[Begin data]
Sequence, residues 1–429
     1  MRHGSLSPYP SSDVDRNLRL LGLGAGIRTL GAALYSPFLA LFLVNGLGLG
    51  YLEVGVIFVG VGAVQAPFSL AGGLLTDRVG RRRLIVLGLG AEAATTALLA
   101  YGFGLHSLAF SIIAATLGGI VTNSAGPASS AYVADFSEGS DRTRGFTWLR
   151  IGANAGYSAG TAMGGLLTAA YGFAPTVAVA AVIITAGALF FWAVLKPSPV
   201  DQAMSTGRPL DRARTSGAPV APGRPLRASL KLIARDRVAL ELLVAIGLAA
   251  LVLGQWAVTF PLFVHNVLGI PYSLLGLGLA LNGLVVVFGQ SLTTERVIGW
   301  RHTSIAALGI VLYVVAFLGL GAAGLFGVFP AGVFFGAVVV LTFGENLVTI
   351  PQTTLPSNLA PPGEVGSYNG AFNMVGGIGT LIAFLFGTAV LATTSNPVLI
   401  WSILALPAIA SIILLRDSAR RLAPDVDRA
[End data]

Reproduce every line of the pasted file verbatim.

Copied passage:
Sequence, residues 1–429
     1  MRHGSLSPYP SSDVDRNLRL LGLGAGIRTL GAALYSPFLA LFLVNGLGLG
    51  YLEVGVIFVG VGAVQAPFSL AGGLLTDRVG RRRLIVLGLG AEAATTALLA
   101  YGFGLHSLAF SIIAATLGGI VTNSAGPASS AYVADFSEGS DRTRGFTWLR
   151  IGANAGYSAG TAMGGLLTAA YGFAPTVAVA AVIITAGALF FWAVLKPSPV
   201  DQAMSTGRPL DRARTSGAPV APGRPLRASL KLIARDRVAL ELLVAIGLAA
   251  LVLGQWAVTF PLFVHNVLGI PYSLLGLGLA LNGLVVVFGQ SLTTERVIGW
   301  RHTSIAALGI VLYVVAFLGL GAAGLFGVFP AGVFFGAVVV LTFGENLVTI
   351  PQTTLPSNLA PPGEVGSYNG AFNMVGGIGT LIAFLFGTAV LATTSNPVLI
   401  WSILALPAIA SIILLRDSAR RLAPDVDRA